Who's in Charge? Leadership during Epidemics, Bioterror Attacks, and Other Public Health Crises

By Laura H. Kahn, MD, MPH, MPP
Praeger Security International, Santa Barbara, CA, USA, 2009
ISBN 978-0275994853
Pages: 236; Price: US $49.95

It appeared in the June 2010 issue of the journal.

See  http://www.cdc.gov/eid/content/16/6/1050b.htm

 

Dr. Kahn is an internationally known One Health expert and advocate.  She also is a member of the One Health Initiative website team: Laura H. Kahn, MD, MPH, MPP, Bruce Kaplan, DVM, Thomas P. Monath, MD and Jack Woodall PhD.


Hendra virus outbreak in Australia Affecting Human Lives: a ‘One Health in Action’ example - Monday, May 31, 2010

Hendra virus outbreak in Australia Affecting Human Lives: a ‘One Health in Action’ example

 

In response to several News reports including Australia.To News on May 21, 2010 entitled “New research sheds light on Hendra virus” and a ProMED-mail article posted on the One Health Initiative website’s ProMED page May 24, 2010 entitled “HENDRA VIRUS - AUSTRALIA (04): (QUEENSLAND), HUMAN EXPOSURE” the One Health Initiative website requested from veterinarian Dr. Hume Field an updated News report.  Dr. Field is a prominent and valued One Health supporter/advocate living and working in Australia.

 

The following was graciously provided on May 30, 2010:

 

Queensland Government

Department of Employment, Economic Development and Innovation

 

May 2010

 

Hendra virus

Hume Field, BVSc, MSc, PhD, MACVS

Principal Veterinary Epidemiologist (Emerging Diseases), Biosecurity Queensland

 

Hendra virus was first described in September 1994, in a novel disease outbreak in horses in Australia. Twenty horses and two humans were infected on that occasion, resulting in the death of 13 horses and one human. A further thirteen incidents (some single-horse events, some multiple-horse events) have been identified to date, resulting in more than 40 confirmed equine cases and seven human cases (four of them fatal). Fruit bats of the genus Pteropus (colloquially known as flying foxes) are the natural host of the virus.

 

The most recent incident was confirmed on 20 May 2010, when Biosecurity Queensland confirmed a positive Hendra virus PCR result for a horse on a property in Tewantin, in south-east Queensland, Australia. The horse was humanely euthanized after a rapid clinical progression. A second (in-contact) horse on the property was clinically well and negative for Hendra virus in the first round of testing. The second horse will remain under quarantine until samples collected a minimum of two incubation periods after the last exposure opportunity are negative to all tests.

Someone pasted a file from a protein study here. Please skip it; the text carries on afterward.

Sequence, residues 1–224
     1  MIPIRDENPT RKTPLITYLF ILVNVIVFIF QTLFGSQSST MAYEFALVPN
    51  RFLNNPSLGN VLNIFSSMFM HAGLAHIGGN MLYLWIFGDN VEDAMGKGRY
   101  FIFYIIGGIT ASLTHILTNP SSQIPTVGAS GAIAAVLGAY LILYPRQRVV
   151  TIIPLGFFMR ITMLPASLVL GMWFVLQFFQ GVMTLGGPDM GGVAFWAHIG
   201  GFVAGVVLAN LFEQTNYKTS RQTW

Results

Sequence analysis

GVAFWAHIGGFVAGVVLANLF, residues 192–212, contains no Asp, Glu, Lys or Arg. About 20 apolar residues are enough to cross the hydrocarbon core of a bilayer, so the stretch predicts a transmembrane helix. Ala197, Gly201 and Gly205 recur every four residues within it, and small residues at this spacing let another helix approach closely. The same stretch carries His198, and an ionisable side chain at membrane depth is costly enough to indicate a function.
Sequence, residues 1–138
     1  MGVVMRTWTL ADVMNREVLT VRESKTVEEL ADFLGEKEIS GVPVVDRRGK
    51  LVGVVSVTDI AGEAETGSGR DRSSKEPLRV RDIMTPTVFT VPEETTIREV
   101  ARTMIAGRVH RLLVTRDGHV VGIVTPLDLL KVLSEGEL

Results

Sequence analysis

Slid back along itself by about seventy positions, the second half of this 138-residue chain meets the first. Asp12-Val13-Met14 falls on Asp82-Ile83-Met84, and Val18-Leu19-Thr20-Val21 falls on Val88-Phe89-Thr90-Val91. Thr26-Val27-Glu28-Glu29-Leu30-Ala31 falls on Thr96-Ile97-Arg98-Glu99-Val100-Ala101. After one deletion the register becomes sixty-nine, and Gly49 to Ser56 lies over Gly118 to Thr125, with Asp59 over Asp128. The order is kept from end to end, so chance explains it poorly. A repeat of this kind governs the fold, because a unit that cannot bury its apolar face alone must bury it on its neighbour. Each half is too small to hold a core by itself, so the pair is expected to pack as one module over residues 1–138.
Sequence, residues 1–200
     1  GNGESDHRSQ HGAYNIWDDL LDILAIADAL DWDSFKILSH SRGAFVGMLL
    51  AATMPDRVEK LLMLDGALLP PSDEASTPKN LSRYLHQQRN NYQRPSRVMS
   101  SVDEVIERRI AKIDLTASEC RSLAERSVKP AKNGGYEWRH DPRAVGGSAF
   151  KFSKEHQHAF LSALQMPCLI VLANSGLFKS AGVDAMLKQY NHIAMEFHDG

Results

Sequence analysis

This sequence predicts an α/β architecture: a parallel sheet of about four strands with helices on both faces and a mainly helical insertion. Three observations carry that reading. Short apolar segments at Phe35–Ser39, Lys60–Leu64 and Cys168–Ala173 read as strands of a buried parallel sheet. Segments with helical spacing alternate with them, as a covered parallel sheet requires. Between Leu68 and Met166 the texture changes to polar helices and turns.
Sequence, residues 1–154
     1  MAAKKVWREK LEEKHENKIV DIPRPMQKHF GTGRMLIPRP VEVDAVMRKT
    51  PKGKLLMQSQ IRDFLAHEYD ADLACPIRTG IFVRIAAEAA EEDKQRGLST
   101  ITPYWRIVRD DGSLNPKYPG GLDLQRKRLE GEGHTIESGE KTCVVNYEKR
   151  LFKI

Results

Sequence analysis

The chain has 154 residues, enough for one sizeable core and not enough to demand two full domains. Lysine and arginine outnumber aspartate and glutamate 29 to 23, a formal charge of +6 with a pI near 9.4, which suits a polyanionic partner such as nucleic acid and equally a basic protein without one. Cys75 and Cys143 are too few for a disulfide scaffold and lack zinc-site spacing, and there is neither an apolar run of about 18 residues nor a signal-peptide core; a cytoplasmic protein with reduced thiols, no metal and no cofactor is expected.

Animal health (Biosecurity Queensland) and public health (Queensland Health) agencies are responding jointly to the incident, and will continue to work with the horse owners, the attending veterinarian and local community.

 

The Biosecurity Queensland Emerging Diseases Research Group, led by veterinary epidemiologist Dr. Hume Field, is using infra-red cameras to record nocturnal interactions and behaviour in horses, bats and other nocturnal wildlife to better understand how Hendra virus is transmitted to horses. The group is also collecting pooled urine samples from fruit bat colonies in the vicinity as part of ongoing investigations into Hendra virus infection dynamics in bats.

 

There have been calls from individuals and groups in the community for culling of bats. The Biosecurity Queensland perspective is that culling is scientifically flawed and not the answer to the Hendra virus problem. Fruit bats are an important part of the natural system, promoting biodiversity and supporting the timber industry and nature-based recreation and tourism. Beyond this, it’s simply not feasible to cull bats – they are nomadic animals whose movements are driven by food availability – if you cull one location, animals will move in from another location to utilise the food resources. Indeed, culling is likely to be counter-productive and exacerbate virus excretion, firstly by further stressing bat populations, and secondly, the resultant ‘sink’ effect will result in increased population flux. Most importantly, culling is just not necessary; there are effective measures that people can take to mitigate the risks of infection transmission from bats to horses, and from horses to humans.